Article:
From about 1855 to 1862, the dangerous, disorderly desperadoes of the Brooke’s Bush Gang terrorized Toronto. Headquartered in a wooded area and shanty on the east side of the Don River, the group made their mark assaulting and robbing travellers along Kingston Road near the river. Their actions culminated in the murder of Ontario politician John Sheridan Hogan on the Don Bridge and led to the trial and execution of one the gang members.
The Brooke’s Bush Gang provides an interesting window into the criminal history of Victorian Toronto. In particular, it speaks to some of the early workings of organized crime. However, the group was not the only criminal collective in the period and area. Two other groups existed in the decades before and after the Brooke’s Bush Gang — that is, the 1840s and 1860s. These were the Markham Gang and the Ridout’s Bush Gang, respectively. The groups resemble and differ from one another in the level of sophistication of their operations and information available about them.
The Markham Gang
The Markham Gang was formed by 1841 and, like the Brooke’s Bush Gang, enjoyed a relatively short existence which was ended by several high-profile trials involving violent crimes. As the name suggests, the group focused their activities to the north and east of Toronto. Its origins have been linked to the 1837 Rebellions.
The membership and function of the Markham Gang were an interesting subject. Gang members were young, often related to each other (in prominent local families) or neighbours. Unlike the Brooke’s Bush Gang, which seemed to be more of an amorphous group of desperadoes and unfortunates, the Markham group was comprised of rich, well-to-do men — which made their tendencies toward burglary more curious. Members were sworn to secrecy by oath to protect each other. The Markham Gang also operated in a very distinct way to its later counterpart. First, the group was quite sophisticatedly organized with leaders and prominent members. The gang posed as ‘avant couriers’ who would conduct reconnaissance on their future victims — noting where money was located in houses and their occupants’ activities.
There are two defining events in the history and end of the Markham Gang: (1) the robbery and assault of John Morrow and family and (2) the murder of William McPhillips.
The first case occurred in the Morrow home on the night of November 7, 1845. This was the year the gang gained the most notoriety and began to be reported on almost regularly by The British Colonist. The Morrow household was located in Reach Township, near the hamlet of Jockey Hill (now Epsom) halfway between Uxbridge and Port Perry. Just after midnight, Hiram and James Stoutenborough, Nathan Case, and Robert Burr violently entered the home and began wielding clubs while demanding money (the Morrows had sold some livestock earlier that day). John Morrow was repeatedly beaten and left badly injured.
In the subsequent arrest and two trials (Burr was charged separately from the others as a ringleader), all were found guilty and sentenced to hang. These were commuted to life sentences at Kingston Penitentiary, but they were released and pardoned by 1853, long after the gang ceased operations.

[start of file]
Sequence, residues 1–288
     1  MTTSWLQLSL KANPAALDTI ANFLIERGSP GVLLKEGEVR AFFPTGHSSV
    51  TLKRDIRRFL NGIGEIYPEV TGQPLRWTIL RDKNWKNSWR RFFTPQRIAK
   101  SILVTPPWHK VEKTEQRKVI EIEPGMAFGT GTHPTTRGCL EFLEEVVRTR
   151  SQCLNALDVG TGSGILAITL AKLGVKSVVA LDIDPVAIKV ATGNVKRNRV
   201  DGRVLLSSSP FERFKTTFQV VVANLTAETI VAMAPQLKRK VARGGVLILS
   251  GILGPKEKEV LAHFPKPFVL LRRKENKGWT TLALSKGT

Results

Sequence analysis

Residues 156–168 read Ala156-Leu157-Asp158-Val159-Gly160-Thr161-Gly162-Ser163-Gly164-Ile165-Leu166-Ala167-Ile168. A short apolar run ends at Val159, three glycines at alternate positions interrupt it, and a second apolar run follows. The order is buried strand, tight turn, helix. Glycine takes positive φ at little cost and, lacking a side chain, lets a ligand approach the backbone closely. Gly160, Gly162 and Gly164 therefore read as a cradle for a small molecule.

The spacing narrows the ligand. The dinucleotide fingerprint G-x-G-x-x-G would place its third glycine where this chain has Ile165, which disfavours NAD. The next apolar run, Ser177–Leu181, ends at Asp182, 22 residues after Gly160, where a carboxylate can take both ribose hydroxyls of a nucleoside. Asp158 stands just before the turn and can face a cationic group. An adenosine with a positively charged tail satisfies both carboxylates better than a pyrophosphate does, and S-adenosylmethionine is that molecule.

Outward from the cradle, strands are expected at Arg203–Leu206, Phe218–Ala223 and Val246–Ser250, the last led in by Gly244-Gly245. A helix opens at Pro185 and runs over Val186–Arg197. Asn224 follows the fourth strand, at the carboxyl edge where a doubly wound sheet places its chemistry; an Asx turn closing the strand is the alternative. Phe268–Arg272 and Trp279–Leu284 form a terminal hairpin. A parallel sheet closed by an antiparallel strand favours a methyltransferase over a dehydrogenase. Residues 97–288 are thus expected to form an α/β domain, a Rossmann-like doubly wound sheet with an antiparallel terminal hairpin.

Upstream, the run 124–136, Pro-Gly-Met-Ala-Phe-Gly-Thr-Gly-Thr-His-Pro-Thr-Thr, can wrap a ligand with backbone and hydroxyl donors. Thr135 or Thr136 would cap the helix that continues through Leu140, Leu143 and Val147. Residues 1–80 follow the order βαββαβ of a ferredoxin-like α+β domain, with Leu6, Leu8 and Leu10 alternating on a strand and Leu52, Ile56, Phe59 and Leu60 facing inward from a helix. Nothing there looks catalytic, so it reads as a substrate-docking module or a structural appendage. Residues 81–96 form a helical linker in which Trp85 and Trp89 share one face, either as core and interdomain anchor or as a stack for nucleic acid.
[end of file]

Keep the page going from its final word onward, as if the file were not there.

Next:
In the second, the William McPhillips killing occurred in Logan’s General Store in Markham on November 20, 1846. It was deduced that someone entered the store and struck McPhillips viciously on the head while he was working. Among the identified culprits were Stephen Turney who was arrested and tried successfully for murder. He was hanged in June 1847 in Toronto.
Other criminal activities took place in Whitby, Vaughan, Pickering, Sharon, and other nearby localities. Although the methods differed, much like the Brooke’s Bush Gang, they were often larceny involving money, watches, grain, and livestock. From 1845 to 1846, other members of the gang were arrested and tried for varying crimes to varying results. The end of the gang was likely spelled by several members being dead or, if still alive, mostly jailed, eventually returning to society and distancing themselves from their criminal pasts after their served terms.
The Ridout’s Bush Gang
The first mention of Ridout’s Bush was in June of 1859 when members of the Brooke’s Bush Gang were found in another ‘bush’. A group of “unfortunates” consisting of Maria Reid, Mary Sheppard, Catherine O’Brien, Harriet LeGrasse, Mary Martin, and Ellen McDonald were “charged with conducting themselves in a disorderly manner in the bush in the rear of Mr. Ridout’s residence, head of Sherbourne Street”.
The events had Sergeant Major Cummings receiving word of what was happening behind Ridout’s home and proceeding to the area with a posse of constables to apprehend the girls. In court, one of the captured girls, Reid, defended that she was just “out for a walk for the good of her health” when they saw some boys catching birds. What followed was a humourous exchange with laughter in the courtroom in which Sergeant Cummings asserted to the Magistrate the girls were “notoriously bad characters.” Reid replied how can they be bad characters if they are in gaol all the time where they can’t have any mischief. The episode ended with a sentence of one month gaol (although the Magistrate added that it probably wouldn’t help) and the prisoners left “laughing and jeering”.